Apple’s line of Mac computers is doing better than ever. The Mac App Store? Not so much.
Last week, Bohemian Coding, the maker of Sketch, a popular professional application used to design Web sites and mobile apps, announced it was pulling the program from the Mac App Store. Although it was reluctant to take the step, it cited a litany of complaints, including limitations on pricing and upgrades and delays in getting new updates into the store. Bohemian had been considering the move for some time and didn’t make it in response to a recent bug involving security certificates that prevented some Mac users from being able to open apps acquired from the Mac App Store.
“After much thought, and with a heavy heart, we’re moving Sketch away from the Mac App Store,” Bohemian said in a blog post. “This move is not a knee-jerk reaction to the recent certificate expiration problems that affected so many Mac App Store customers. However, in light of what happened, we can’t help but feel vindicated in our decision that the Mac App Store is not in our customers’ best interests right now.”
Sketch is just the latest among a growing number of high-profile apps now absent from the Mac App Store. The developers of popular text editors Coda and BBEdit decided not to offer their latest updates through the store last year. Among the other popular apps that you can’t get through the store are Adobe Photoshop, Microsoft Office, Mozilla Firefox and Plex.
Developers‘ complaints about the store are numerous. Bohemian Coding complained that after submitting an update to Sketch to the App Store, Apple would often take at least a week and post it. Another developer, Michael Tsai, complained that he’s had an update stuck in Apple’s review process for 59 days.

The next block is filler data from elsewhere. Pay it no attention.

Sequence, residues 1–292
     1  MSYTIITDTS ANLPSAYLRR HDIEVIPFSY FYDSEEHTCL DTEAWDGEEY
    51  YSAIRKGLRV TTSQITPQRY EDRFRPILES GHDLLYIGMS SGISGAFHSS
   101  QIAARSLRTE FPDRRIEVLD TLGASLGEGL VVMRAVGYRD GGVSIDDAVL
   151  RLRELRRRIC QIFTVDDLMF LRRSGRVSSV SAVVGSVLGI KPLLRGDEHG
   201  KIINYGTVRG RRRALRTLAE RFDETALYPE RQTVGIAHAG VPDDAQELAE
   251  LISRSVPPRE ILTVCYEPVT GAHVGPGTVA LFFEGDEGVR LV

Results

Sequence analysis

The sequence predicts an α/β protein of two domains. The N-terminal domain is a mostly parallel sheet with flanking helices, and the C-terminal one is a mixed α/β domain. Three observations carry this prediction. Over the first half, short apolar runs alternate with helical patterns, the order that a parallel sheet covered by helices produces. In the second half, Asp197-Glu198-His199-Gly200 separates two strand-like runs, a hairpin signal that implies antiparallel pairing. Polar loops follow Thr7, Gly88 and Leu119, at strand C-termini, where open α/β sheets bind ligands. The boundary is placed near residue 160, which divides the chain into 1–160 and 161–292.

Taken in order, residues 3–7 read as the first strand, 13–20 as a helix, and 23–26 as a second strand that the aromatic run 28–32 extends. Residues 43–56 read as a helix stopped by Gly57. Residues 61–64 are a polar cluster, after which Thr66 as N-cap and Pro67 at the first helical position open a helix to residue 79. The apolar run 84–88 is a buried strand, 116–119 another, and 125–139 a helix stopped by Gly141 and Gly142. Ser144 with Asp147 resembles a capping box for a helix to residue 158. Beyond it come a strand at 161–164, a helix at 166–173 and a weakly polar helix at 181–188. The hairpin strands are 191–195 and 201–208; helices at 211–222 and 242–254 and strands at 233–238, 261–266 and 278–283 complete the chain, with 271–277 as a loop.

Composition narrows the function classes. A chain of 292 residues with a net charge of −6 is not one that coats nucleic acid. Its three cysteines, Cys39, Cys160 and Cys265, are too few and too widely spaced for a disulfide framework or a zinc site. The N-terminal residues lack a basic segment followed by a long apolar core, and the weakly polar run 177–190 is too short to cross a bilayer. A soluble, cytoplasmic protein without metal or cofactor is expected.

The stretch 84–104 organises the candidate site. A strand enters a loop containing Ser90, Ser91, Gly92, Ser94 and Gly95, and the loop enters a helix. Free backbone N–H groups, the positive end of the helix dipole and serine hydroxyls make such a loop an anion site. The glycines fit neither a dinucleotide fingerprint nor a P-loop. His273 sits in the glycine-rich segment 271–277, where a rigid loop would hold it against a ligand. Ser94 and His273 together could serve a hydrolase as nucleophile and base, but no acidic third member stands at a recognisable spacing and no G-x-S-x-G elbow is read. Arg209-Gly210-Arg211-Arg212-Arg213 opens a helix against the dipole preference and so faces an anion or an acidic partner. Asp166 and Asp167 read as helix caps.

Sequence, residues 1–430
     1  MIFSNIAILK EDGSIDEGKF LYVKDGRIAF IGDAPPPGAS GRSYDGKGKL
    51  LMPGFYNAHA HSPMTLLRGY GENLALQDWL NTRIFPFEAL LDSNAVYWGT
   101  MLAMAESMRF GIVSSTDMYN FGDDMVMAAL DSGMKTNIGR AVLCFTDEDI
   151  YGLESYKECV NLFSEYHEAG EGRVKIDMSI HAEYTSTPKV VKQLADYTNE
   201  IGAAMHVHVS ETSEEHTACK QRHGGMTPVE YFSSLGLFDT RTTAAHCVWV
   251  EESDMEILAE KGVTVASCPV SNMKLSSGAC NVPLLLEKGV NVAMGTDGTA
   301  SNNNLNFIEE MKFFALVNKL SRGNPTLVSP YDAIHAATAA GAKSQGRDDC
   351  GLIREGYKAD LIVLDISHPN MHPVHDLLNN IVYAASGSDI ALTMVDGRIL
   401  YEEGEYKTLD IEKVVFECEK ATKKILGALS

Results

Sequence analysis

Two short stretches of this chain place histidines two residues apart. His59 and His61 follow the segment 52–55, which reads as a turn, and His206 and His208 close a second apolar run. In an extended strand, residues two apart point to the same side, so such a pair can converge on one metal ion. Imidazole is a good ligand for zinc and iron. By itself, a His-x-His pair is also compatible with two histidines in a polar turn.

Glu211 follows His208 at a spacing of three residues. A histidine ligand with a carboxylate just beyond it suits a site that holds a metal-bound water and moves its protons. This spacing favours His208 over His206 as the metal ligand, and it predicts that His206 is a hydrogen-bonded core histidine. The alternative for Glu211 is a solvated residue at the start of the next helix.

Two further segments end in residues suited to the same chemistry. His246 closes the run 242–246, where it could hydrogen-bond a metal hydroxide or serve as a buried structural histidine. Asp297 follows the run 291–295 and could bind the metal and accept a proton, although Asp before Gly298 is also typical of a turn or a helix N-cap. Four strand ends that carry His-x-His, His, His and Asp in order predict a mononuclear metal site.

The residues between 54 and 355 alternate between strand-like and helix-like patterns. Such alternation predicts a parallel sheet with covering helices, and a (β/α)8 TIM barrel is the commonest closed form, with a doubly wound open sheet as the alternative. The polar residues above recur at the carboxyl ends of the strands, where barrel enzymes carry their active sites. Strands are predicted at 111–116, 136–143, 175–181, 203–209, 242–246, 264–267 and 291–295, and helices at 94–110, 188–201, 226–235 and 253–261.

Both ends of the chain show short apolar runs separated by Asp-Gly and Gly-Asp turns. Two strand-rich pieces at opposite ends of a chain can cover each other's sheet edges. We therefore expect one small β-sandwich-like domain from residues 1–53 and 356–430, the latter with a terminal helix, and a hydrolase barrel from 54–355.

Developers are also unhappy about the limitations that Apple has put on apps that are offered through the Mac App Store. The iPhone maker requires that such apps are “sandboxed” meaning that they are basically isolated from other programs and the operating system itself. Sandboxing can be an important security measure, helping to constrain the damage that can be done by malicious programs. But it also can limit the usefulness of beneficial apps and hamstring developers.
Another source of developer unhappiness revolves around the economics of selling there. Apple hasn’t provided a method within the app store to allow developers to charge for full upgrades of their applications without forcing them to offer the updates as completely new apps. Apple also doesn’t allow developers to bundle their apps and sell them together for one price. And the company takes a 30 percent cut of all sales — a charge developers can avoid by just selling their apps to consumers directly through their own Web sites.
And that’s not to mention last month’s security certificate problem. Apple replaced an expiring security certificate for the Mac App Store, with a newer, stronger one. But the new security technology wasn’t supported by some apps in the store. And many Macs needed to be rebooted to recognize the new certificate, but Apple didn’t prompt them to do so. The result was that some users found themselves unable to open particular apps.
Those aren’t the only signs of troubles. In May, on the day it was released, Redacted, an app that helps users obscure text or images inside documents and photos, skyrocketed to the no. 8 position among all apps in the U.S. Mac App Store and the no. 1 position among graphics programs in the Mac App Store. The total number of copies developer Sam Soffes had sold through the store that day? Just 94, of which 59 were to U.S. customers. His total sales — before Apple’s cut — was just $452.
The fact that some developers are abandoning the Mac App Store points to one of its key weaknesses. On iOS devices — iPhones, iPads and iPod Touch players — the only way to get apps is through the iOS App Store, unless users jailbreak their phones, a step that few take because of its complexity and security risks. But the Mac App Store has only been available to consumers for four years. Consumers were able to get software on their Macs long before the App Store existed via Internet downloads and program discs. And Apple has left open those avenues even after launching the App Store.
Photo: Screen shot of the Mac App Store.